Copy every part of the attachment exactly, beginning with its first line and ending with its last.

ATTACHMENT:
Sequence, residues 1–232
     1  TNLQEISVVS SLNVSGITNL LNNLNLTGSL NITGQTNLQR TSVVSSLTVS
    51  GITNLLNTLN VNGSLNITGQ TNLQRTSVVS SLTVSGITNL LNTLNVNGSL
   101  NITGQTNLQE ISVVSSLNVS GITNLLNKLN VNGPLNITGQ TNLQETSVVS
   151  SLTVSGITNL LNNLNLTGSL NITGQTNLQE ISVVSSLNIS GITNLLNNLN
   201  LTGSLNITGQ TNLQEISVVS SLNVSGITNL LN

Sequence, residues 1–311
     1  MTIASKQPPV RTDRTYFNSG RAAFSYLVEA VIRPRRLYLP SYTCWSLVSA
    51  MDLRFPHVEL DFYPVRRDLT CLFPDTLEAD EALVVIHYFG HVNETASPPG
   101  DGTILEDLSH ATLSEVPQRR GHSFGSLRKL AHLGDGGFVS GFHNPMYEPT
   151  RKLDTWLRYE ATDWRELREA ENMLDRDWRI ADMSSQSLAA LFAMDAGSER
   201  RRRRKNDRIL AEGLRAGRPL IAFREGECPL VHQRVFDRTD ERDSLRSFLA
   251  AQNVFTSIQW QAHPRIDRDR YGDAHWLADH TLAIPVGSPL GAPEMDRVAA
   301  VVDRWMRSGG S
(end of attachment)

Sequence, residues 1–232
     1  TNLQEISVVS SLNVSGITNL LNNLNLTGSL NITGQTNLQR TSVVSSLTVS
    51  GITNLLNTLN VNGSLNITGQ TNLQRTSVVS SLTVSGITNL LNTLNVNGSL
   101  NITGQTNLQE ISVVSSLNVS GITNLLNKLN VNGPLNITGQ TNLQETSVVS
   151  SLTVSGITNL LNNLNLTGSL NITGQTNLQE ISVVSSLNIS GITNLLNNLN
   201  LTGSLNITGQ TNLQEISVVS SLNVSGITNL LN

Sequence, residues 1–311
     1  MTIASKQPPV RTDRTYFNSG RAAFSYLVEA VIRPRRLYLP SYTCWSLVSA
    51  MDLRFPHVEL DFYPVRRDLT CLFPDTLEAD EALVVIHYFG HVNETASPPG
   101  DGTILEDLSH ATLSEVPQRR GHSFGSLRKL AHLGDGGFVS GFHNPMYEPT
   151  RKLDTWLRYE ATDWRELREA ENMLDRDWRI ADMSSQSLAA LFAMDAGSER
   201  RRRRKNDRIL AEGLRAGRPL IAFREGECPL VHQRVFDRTD ERDSLRSFLA
   251  AQNVFTSIQW QAHPRIDRDR YGDAHWLADH TLAIPVGSPL GAPEMDRVAA
   301  VVDRWMRSGG S